An Update About the Artist Relief Fund

On Tuesday, April 7th, the Rhode Island State Council on the Arts, in partnership with the City of Providence’s Department of Art Culture + Tourism, the Rhode Island Foundation, and the Alliance of Artists Communities, opened the application for the Rhode Island Artist Relief Fund for arts and culture workers. Over the past three and a half weeks, we have received over 750 applications from people working in the arts across our state. On Friday, May 1st, we are temporarily closing applications to the fund.

The fund was initially seeded with $150,000 from the Rhode Island Foundation, New England Foundation for the Arts, and Rhode Island State Council on the Arts. Since launching the fund has received over $65,000 in private contributions. Together, we have awarded 418 small grants totaling $206,635.

These grants have supported artists across our state be able to afford their rent, utilities, health insurance, food, and other basic necessities, a huge need as other financial supports enacted at a federal and state level either did not extend to all freelancers and sole proprietors or there were delays or insurmountable barriers to access.

The fund’s partners understand the need is great and do not want artists and arts professionals spending their time and labor assembling requests when we know that we do not currently have available funds to grant.

We are committed to you. We know the value of your skills and talents, especially at this most challenging time. We will continue leveraging our platforms and engaging our networks to raise relief support and increase this fund. We will work to replenish the fund with additional monies, and hope to re-open applications in a few weeks.

If you have the means, we encourage you to donate to the Rhode Island Artist Relief Fund at https://www.artistcommunities.org/arf.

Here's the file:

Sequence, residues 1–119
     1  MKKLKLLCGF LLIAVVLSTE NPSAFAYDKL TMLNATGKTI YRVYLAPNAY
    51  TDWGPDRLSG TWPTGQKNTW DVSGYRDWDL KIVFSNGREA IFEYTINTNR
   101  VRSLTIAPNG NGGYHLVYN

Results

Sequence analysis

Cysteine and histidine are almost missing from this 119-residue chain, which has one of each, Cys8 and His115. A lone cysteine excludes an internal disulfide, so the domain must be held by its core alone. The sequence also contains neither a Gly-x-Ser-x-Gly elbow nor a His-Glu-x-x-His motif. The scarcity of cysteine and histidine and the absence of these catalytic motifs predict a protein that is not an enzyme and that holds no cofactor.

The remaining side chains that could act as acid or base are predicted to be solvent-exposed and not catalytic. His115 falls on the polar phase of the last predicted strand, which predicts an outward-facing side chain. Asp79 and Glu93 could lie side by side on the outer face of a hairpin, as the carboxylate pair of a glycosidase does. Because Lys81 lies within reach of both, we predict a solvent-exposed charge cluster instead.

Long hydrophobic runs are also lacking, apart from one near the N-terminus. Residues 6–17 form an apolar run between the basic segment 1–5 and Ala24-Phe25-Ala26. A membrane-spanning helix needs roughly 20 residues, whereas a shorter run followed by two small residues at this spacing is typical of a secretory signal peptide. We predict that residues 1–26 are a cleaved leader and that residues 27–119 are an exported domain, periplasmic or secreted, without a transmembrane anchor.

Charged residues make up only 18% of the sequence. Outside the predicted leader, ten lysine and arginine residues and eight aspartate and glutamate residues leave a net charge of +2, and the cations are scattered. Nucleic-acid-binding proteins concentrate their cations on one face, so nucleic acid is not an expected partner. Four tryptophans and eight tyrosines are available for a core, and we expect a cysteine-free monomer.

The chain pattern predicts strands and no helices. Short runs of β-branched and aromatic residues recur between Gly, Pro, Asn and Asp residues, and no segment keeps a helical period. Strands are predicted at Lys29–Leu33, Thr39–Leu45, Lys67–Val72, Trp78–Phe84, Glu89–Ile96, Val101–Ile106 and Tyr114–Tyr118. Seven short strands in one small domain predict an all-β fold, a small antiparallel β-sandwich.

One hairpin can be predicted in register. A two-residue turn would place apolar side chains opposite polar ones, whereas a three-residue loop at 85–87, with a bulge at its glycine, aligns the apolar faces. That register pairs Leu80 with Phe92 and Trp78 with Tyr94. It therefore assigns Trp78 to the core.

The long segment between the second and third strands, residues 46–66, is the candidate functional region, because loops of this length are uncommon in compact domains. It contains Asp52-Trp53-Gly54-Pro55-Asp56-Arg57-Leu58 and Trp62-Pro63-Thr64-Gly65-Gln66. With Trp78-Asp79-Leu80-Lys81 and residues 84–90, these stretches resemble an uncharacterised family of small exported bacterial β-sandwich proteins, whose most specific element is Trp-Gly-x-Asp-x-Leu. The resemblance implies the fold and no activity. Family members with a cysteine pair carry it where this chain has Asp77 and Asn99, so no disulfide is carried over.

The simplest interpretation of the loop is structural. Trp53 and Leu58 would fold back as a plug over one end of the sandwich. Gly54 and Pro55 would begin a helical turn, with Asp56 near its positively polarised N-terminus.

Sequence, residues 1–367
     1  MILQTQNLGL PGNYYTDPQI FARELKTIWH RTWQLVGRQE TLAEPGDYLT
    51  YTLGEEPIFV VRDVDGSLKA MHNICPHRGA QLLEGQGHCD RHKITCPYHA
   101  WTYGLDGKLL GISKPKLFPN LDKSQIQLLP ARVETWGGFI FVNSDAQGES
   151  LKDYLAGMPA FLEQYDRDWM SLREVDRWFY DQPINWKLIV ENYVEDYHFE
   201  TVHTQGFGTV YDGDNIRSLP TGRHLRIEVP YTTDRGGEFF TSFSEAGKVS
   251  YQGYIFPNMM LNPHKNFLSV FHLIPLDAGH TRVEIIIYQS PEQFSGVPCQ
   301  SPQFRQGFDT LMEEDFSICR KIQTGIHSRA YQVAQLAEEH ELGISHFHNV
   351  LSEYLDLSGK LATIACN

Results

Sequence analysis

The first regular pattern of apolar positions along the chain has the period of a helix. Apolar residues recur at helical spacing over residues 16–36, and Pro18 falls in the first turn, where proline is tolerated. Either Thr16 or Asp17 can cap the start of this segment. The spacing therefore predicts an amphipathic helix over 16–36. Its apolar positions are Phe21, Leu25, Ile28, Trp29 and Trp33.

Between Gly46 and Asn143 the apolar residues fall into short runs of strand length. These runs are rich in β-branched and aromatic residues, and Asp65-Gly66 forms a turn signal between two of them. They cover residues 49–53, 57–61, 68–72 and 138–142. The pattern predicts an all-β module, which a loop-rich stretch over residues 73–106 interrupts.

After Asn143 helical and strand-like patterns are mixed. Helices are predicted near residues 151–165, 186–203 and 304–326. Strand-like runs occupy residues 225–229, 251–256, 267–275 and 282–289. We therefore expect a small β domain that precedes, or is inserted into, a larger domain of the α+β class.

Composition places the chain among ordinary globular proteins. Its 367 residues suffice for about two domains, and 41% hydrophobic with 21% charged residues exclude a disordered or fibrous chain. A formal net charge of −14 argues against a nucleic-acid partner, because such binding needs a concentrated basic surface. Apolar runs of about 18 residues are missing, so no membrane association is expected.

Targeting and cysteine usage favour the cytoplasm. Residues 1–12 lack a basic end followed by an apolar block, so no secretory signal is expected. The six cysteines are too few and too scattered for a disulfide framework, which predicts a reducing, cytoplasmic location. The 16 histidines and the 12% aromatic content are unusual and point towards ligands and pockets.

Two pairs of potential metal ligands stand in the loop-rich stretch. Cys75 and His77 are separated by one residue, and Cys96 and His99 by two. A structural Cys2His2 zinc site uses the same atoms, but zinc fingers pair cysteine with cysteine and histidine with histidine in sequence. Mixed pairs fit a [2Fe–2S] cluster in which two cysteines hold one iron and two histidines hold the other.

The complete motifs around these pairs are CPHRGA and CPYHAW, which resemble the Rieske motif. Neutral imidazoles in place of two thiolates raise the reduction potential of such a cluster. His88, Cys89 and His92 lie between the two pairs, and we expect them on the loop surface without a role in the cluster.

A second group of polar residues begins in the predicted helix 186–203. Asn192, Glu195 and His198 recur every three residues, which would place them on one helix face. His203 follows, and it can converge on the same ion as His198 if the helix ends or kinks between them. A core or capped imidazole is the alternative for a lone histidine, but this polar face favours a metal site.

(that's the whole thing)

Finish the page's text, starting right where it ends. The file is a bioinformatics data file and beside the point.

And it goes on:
Over $840,000 in Federal Funds to Rhode Island for Arts & Humanities COVID-19 Relief

Rhode Island’s statewide arts and humanities agencies will receive $840,600 in federal funds designated for relief to arts and cultural organizations affected by the COVID-19 health crisis, according to a joint statement by the Rhode Island State Council on the Arts (RISCA) and the Rhode Island Council for the Humanities (Humanities Council).

The funds come from the federal Coronavirus Aid, Relief, and Economic Security (CARES) Act, established in part to preserve jobs and help support organizations forced to close operations due to the spread of COVID-19.

RISCA will receive $424,300 from the National Endowment for the Arts (NEA), and the Humanities Council will receive $416,300 from the National Endowment for the Humanities (NEH). Rhode Island’s share is part of the $150 million allocated to the federal cultural organizations through the CARES Act.

The Humanities Council and RISCA are committed to directly delivering these federal relief funds as quickly as possible to local nonprofit arts and humanities organizations serving Rhode Island communities. Application information and eligibility requirements are now available on the Humanities Council website, and will be available shortly on the RISCA website.

Randall Rosenbaum, Executive Director of the Rhode Island State Council on the Arts, expressed thanks for the increased federal support. “Rhode Island’s arts and cultural organizations have been deeply affected by the current crisis,” said Rosenbaum. “The economic loss to arts organizations is estimated at over $4.5 billion nationwide. Here in Rhode Island the livelihood of a sector that contributes over $1 billion annually to our economy is being threatened.”

Elizabeth Francis, Executive Director of the Rhode Island Council for the Humanities noted that “This is a daunting and uncertain time, and humanities organizations have experienced unprecedented losses. The Humanities Council and RISCA were chosen to distribute these funds because of our well-established relationships with museums, historical societies, libraries, theaters, arts organizations, and cultural institutions that are anchors of our communities. One thing I am certain about is that these organizations will help Rhode Islanders understand and weather this crisis.”